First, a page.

Using Phantom Type Ids

Hi all,


I often use an Id type that helps distinguish Ids from other Strings and therefore prevents mixing up Ids with Strings. For example, this is possible:

updateUsersName : String -> String -> Cmd msg
updateUsersName id newName =

-- and then mixing up the parameters here
    updateUsersName "cool-new-name-42"

But this, using an Id type isnt possible…

updateUsersName : Id -> String -> Cmd msg
updateUsersName id newName =

-- and then mixing up the parameters here
    updateUsersName "cool-new-name-42"

… you would get a compiler error.

New Problem

Recently I worked on a project that used the facebook api. The project involved updating a button on a facebook page owned by the users facebook account. I was managing the button’s Id, the page’s Id, and the users Id. My functions had type signatures like

updateUsersPagesButton : Id -> Id -> Id -> E.Value -> Cmd Msg
updateUsersPagesButton userId pageId buttonId buttonPayload =

You can see that this problem of mixing up values re-emerges. Theres nothing stopping me from mixing up userIds from pageIds

Thats okay, Phantom Types are a thing

Instead I used an `Id type like…

type Id x = Id String

so my functions were…

updateUsersPagesButton : Id User -> Id Page -> Id Button-> E.Value -> Cmd Msg
updateUsersPagesButton userId pageId buttonId buttonPayload =

and now its impossible to mix them up again.

This worked well enough, but then I realized that you cant put phantom type Ids inside the thing they are an Id of. The following is impossible due to a circular definition

type alias User = { id : Id User }

to work around this I did

type UserId = UserId

type alias User = { id : Id UserId }

Is there anything better than that work around?

I maintain and use a package for Ids and managing lots of data that have Ids. It would be really powerful to have phantom types in that package. You could have functions with type signatures like save : Id a -> a -> ..., that commit the Id exactly to the type of the thing its meant to be an Id of. Id a always refer to an a. But the trade off is that you cant ever have the Id internal to the data it refers to because that would always be circular.

Instead you would have to manage data with Ids like this

    (Id User, User)

I store ids like this anyway, because it avoids other problems Ive encountered as well. To me it seems like a good practice. But Im wondering if its a bad idea to fully commit all data with Id to never containing its own Id internally. This tuple approach is certainly a lot less obvious.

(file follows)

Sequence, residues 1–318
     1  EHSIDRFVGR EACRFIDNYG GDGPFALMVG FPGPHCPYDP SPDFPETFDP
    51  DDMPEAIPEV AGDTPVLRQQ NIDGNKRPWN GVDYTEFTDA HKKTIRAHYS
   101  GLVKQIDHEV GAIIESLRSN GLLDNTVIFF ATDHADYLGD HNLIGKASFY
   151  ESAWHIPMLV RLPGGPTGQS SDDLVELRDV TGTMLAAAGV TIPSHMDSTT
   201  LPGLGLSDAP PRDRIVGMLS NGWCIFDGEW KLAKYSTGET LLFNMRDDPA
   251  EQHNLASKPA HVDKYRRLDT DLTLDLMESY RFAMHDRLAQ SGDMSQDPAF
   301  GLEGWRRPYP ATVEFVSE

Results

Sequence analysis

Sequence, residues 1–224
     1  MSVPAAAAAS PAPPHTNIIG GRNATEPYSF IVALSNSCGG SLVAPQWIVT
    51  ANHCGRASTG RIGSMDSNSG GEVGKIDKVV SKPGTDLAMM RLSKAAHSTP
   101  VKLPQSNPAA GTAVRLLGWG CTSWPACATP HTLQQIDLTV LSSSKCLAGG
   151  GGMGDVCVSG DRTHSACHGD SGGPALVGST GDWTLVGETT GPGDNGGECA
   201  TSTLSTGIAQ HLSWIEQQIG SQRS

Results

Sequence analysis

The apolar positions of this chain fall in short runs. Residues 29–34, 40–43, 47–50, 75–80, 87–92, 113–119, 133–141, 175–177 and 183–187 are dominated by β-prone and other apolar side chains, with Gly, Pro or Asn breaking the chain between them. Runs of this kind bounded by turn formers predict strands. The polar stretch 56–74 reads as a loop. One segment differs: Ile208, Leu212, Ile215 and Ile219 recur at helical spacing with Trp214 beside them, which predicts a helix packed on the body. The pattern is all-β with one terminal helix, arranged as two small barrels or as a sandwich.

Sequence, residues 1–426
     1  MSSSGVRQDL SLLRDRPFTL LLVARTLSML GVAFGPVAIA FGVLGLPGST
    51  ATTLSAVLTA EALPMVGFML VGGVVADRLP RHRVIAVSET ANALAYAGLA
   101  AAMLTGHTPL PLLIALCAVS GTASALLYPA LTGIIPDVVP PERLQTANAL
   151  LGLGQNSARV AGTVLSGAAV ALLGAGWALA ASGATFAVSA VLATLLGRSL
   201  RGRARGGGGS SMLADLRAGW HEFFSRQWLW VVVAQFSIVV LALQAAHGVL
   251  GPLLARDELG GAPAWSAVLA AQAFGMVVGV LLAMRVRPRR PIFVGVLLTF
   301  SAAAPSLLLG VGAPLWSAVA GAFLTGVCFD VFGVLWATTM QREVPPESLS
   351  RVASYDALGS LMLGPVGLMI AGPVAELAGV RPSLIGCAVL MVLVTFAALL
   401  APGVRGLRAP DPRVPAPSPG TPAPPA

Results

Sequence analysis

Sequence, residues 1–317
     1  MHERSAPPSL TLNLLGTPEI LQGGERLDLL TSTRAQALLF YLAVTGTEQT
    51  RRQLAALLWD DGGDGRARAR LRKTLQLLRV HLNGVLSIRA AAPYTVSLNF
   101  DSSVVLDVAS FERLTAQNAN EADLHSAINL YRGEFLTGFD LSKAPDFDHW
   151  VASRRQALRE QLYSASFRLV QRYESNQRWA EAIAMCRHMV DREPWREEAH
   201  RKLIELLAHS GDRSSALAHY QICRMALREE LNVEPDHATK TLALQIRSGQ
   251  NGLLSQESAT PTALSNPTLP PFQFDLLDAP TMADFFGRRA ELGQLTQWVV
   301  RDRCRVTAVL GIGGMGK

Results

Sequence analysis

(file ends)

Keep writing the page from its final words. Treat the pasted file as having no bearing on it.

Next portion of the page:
Do any problems jump out to any of you by handling Ids in this tuple style and never inside the data itself? Is this even a worthy consideration?



What are your thoughts comparing this to the approach with one type with a single constructor per Id?

type UserId = UserId String
type PageId = PageId String
type ButtonId = ButtonId String

This is one of the reasons to use record-datatypes in Elm.
If your function has the fields updateUsersPagesButton : {user_id: Id, page_id: Id, button_id: Id} -> E.Value -> Cmd Msg then mixing those keys up is a lot harder.
(In fact: It’s about equally hard as when you alias UserId, PageId and ButtonId to a single datatype (like String) because that would allow you to use one in the place of the other without warnings as well; only the visual difference of the constructor names will warn you. The compiler will not!)

I know that there are some Haskell SQL libraries that use the same (Id User, User) tuple-approach, for similar reasons (like: The Id can only be set after inserting the data structure for the first time, but working with a Maybe Id everywhere is horrible, etc).

I’m not sure what to think of that solution, other than: You point out a great problem, which we need to find an answer for :slightly_smiling_face:


To start with OP’s question, I think it’s okay to have the tuples. You could always define a type alias:

type alias Identified a = (Id a, a)

Like you say, you can make a generic table using the phantom type, backed by a Dict, and this is an advantage over a UserId type as suggested by Andy. (Richard glosses over IDs in his recent talk, Immutable Relational Data, but it’s still helpful background.)

empty : Table a
index : Table a -> List a
get : Id a -> Table a -> Maybe a
create : a -> Table a -> (Table a, Id a)
update : Id a -> a -> Table a -> Table a
delete : Id a -> Table a -> Table a

This interface has the Table generate the ID. But where do IDs come from?

  1. From an incrementing integer. The (opaque) Table a type would store an incrementing number which would become the new ID. The Id a type would also be opaque and be defined in the Table module.
  2. From UUIDs. You need access to a source of randomness, and (depending on the type of UUID) the time and MAC address. These are not the most pleasant things to obtain in Elm.
  3. From the data. You could imagine initializing the table with an (a -> String) function to extract the ID from an inserted record. This allows you to look up records by the ID the server uses, e.g. for a RESTful API. But you can no longer guarantee that two records will have distinct IDs, and you have to handle the case of creating a record with an ID that already exists.
  4. From the request. When consuming a RESTful API, you know the ID before you have the rest of the record. You also want to track a history of network traffic: we tried to get this record and it failed; we have a request in flight for this record so we won’t ask again. You often want to show this information in the UI. The RemoteData library is designed for exactly this purpose, so a Table’s values might need to be RemoteData. You would need a way to handle IDs in a safe way from the URL, to your network request Cmds, to your Table, to your view. I think you’d need to expose fromString : String -> Id a or similar, which may defeat a lot of the benefits we are looking for.